Analysis of High Volume For-Hire Vehicle Data for New York City
In 2018, New York City became one of the first cities to regulate the economics of app-based for-hire vehicles like Uber and Lyft, by establishing a minimum rate for drivers and a cap on the number of licenses for for-hire vehicles. The minimum per trip standard gave drivers an estimated gross hourly earnings of at least $27.86 per hour, before expenses, for an estimated net income of $17.22 per hour.
To better understand driver pay and passenger fares in relation to the TLC’s minimum rates, Analysis of High Volume For-Hire Vehicle Data for New York City offers an analysis of publicly available data from the New York City Taxi & Limousine Commission’s High Volume For-Hire Vehicle (HVFHV) trip database.
The report authors focused on HVFHV rides taken in February 2019, October 2019, April 2020, and April 2022 for non-Wheelchair Accessible Vehicles and were limited to rides beginning and ending in New York City. They analyzed approximately 50 million rides, exploring the passenger fares, driver pay, and commission fee companies are exacting from the fares per trip.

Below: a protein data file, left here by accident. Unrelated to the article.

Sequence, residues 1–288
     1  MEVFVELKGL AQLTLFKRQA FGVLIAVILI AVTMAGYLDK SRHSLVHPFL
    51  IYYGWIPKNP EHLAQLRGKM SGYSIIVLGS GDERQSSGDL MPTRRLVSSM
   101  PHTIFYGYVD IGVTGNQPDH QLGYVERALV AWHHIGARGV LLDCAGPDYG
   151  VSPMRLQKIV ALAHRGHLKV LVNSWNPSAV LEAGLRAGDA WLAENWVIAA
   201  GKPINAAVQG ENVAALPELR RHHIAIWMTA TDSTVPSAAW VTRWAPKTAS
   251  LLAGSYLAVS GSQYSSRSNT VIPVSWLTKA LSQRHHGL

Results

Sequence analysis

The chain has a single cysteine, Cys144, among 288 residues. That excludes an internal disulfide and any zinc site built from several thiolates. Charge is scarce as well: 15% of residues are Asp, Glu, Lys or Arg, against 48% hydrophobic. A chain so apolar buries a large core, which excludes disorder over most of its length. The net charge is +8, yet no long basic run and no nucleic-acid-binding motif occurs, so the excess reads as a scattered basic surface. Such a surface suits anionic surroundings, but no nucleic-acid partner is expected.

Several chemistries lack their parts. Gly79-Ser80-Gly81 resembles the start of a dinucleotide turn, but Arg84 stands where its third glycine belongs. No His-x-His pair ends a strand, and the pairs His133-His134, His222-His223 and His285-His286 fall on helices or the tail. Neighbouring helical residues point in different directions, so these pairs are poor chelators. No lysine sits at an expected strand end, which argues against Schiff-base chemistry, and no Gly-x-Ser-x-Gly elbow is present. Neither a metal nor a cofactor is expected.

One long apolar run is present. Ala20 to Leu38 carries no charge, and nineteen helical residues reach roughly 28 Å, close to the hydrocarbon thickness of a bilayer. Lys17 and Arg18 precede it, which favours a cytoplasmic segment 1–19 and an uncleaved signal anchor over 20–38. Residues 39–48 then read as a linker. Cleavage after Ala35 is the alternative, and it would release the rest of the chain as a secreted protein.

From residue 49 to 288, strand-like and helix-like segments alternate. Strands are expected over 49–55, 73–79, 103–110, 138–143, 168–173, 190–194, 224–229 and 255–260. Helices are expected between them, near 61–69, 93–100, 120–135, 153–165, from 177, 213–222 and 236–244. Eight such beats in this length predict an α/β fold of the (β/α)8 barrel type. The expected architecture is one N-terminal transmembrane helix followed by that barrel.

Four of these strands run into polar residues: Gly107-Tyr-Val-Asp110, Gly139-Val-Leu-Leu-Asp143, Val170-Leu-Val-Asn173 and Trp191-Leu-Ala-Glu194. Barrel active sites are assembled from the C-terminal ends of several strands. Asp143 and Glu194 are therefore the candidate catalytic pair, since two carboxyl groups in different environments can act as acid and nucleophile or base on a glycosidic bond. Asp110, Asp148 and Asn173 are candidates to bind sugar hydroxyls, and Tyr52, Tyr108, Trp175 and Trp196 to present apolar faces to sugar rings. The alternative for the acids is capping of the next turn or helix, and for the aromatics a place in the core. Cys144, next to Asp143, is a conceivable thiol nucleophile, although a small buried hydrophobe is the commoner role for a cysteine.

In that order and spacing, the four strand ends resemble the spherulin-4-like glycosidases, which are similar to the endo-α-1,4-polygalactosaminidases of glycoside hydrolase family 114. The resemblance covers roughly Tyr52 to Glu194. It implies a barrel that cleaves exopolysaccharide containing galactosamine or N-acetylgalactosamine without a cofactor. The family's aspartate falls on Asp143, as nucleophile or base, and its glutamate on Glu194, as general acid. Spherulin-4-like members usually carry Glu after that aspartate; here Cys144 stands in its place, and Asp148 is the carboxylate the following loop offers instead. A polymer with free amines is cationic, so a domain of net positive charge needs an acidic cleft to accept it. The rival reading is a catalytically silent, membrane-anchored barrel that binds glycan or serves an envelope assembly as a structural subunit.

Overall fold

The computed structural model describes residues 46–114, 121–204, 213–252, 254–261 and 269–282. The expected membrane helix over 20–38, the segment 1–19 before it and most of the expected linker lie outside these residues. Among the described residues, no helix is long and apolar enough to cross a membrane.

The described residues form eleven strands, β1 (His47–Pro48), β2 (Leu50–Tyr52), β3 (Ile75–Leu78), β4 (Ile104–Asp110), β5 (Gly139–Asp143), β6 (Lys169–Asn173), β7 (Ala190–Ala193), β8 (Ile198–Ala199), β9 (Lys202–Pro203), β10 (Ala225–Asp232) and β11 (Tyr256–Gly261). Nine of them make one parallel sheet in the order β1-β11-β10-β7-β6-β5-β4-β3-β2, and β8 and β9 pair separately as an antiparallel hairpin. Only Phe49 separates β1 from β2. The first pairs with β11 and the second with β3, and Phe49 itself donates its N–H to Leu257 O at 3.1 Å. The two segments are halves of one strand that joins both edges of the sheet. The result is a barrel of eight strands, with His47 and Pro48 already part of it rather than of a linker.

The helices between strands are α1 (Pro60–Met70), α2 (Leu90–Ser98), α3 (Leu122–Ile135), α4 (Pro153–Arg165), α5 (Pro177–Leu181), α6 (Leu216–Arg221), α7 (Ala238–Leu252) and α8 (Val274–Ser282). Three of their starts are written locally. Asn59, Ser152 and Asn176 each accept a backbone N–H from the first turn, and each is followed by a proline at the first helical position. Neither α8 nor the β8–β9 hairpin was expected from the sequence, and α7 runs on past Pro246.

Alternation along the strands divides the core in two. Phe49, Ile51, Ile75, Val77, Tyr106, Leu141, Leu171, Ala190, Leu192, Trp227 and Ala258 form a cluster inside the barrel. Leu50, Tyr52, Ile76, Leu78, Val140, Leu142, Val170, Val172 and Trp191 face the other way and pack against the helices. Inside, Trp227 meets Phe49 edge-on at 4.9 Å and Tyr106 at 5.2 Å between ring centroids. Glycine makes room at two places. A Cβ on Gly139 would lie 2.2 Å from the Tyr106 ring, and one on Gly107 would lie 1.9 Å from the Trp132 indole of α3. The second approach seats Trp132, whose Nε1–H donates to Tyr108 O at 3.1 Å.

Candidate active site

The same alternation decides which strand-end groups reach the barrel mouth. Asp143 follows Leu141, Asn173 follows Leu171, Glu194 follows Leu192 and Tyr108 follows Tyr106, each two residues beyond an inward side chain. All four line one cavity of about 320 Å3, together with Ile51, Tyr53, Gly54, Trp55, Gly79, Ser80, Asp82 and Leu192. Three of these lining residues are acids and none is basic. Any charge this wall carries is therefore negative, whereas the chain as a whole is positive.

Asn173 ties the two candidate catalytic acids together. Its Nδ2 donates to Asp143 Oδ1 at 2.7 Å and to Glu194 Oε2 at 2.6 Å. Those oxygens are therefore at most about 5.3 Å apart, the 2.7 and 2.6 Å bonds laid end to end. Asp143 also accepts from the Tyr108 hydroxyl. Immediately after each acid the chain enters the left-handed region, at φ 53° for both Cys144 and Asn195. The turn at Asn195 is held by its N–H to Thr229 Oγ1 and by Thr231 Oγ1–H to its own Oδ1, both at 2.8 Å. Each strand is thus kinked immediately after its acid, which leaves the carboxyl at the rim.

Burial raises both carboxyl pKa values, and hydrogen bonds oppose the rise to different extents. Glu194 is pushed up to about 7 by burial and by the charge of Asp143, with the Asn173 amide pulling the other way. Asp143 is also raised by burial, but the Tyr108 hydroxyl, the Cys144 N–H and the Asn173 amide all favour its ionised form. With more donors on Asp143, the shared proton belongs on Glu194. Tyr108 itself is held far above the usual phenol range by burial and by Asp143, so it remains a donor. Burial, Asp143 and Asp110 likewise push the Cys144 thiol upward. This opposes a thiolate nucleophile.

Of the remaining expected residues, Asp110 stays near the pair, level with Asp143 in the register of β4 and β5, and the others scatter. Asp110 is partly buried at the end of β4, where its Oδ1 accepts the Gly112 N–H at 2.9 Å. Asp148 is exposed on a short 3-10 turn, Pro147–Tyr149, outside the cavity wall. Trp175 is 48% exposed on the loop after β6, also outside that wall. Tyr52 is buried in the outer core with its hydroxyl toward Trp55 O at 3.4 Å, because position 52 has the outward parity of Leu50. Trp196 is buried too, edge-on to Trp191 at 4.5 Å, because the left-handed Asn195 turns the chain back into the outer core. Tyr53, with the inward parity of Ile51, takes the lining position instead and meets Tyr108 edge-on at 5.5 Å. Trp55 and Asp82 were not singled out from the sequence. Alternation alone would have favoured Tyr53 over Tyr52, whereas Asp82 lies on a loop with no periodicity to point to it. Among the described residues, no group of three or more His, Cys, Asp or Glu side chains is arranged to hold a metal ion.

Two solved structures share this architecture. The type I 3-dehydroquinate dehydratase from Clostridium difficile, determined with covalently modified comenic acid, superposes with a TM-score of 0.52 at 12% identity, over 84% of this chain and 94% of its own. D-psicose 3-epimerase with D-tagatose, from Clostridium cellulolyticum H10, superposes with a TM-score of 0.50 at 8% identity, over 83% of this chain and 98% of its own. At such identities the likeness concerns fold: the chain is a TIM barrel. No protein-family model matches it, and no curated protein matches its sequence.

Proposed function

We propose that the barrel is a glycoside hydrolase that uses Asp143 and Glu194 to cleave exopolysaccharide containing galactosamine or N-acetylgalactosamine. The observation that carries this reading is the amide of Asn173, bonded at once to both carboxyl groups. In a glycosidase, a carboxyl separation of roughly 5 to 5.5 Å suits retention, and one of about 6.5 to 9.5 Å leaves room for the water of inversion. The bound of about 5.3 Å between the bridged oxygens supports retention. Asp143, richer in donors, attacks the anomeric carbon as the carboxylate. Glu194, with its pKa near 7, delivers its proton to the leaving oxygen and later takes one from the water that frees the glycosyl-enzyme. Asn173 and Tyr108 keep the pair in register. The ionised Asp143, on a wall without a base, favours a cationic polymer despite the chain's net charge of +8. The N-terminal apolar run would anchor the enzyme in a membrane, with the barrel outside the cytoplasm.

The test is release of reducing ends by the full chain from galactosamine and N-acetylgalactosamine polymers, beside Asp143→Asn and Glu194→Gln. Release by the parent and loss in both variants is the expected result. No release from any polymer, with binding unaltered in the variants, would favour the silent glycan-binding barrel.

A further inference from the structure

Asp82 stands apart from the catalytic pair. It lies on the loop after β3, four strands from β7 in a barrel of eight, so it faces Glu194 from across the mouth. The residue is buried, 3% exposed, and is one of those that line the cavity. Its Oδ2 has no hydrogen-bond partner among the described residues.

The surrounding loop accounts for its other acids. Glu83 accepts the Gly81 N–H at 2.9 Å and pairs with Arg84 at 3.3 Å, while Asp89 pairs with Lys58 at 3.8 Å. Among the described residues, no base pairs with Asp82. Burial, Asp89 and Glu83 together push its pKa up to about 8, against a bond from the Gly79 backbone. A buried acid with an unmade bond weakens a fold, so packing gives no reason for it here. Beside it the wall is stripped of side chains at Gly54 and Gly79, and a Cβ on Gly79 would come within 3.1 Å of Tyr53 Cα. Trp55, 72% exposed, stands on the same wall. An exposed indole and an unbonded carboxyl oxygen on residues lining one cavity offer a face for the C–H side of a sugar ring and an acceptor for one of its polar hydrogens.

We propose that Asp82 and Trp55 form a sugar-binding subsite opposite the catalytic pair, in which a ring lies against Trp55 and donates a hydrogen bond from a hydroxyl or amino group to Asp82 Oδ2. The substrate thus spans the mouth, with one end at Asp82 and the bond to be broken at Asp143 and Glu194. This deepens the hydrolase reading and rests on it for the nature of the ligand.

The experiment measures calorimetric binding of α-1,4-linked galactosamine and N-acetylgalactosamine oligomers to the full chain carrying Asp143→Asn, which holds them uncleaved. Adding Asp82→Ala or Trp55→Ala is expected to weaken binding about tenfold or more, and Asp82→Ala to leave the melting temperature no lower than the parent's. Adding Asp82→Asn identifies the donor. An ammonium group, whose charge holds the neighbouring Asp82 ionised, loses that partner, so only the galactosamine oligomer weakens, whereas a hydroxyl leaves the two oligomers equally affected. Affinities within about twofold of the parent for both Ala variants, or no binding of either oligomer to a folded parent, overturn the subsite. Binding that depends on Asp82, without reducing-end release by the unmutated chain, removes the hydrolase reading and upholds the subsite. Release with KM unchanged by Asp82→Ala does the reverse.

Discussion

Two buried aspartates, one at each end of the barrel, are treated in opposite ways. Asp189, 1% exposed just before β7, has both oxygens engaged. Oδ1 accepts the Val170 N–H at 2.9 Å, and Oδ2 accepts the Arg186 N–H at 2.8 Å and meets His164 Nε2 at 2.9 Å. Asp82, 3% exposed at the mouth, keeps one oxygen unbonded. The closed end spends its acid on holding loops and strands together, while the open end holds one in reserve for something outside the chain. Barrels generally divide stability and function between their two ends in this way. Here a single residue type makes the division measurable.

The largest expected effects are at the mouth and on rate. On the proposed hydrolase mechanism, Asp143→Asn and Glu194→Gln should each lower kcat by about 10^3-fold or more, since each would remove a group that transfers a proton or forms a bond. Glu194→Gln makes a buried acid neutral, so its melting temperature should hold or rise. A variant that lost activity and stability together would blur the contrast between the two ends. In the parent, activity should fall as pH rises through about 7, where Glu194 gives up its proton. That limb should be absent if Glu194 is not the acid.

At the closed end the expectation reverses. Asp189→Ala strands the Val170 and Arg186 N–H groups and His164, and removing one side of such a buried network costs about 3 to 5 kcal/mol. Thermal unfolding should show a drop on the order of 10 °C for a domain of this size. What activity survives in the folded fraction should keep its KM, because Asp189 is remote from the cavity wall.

Among other findings, the brief notes:
- Median driver pay per trip in February 2019 was $10.99, compared to $12.22 for passenger fares in the same month. In April 2022, the median driver pay and passenger fare were $14.41 and $18.39, respectively. The increase in base passenger fare has outpaced the increase in driver pay. From February 2019 to April 2022, median driver pay increased by 31% compared to an increase of 50% for median passenger fare.
- Since 2019, ride-hail companies have taken a higher percentage of the passenger fare. In February 2019 (when TLC first implemented the driver pay rules), companies took 9% of passenger fare compared to 20.7% in April 2022.
- There was wide variation in what percent the company took of the passenger fare. In February 2019, the company took 30% or more of the fare on about 9% of the rides. In April 2022, the company took a 30% or more cut of the passenger fare for 29% of all rides.
Report authors recommend:
- A cap on the amount that companies can take from the passenger fare.
- Transparency around the company commission—the difference between the passenger fare and driver pay—ensuring that drivers and passengers know the fare, driver pay and company commission.
- Any increase in the passenger fare should have a proportional increase in the driver pay.
- Ensuring compliance and enforcement of all minimum rate underpayments.
- Increase transparency and provide drivers full access to their trip data.
Worker Ownership, COVID-19, and the Future of the Gig Economy (2020)
More Than a Gig: A Survey of Ride-Hailing Drivers in Los Angeles (2018)
Policy Brief: Ridesharing or Ridestealing? (2015)
Crains New York Business
New York Daily News
The Lawton Constitution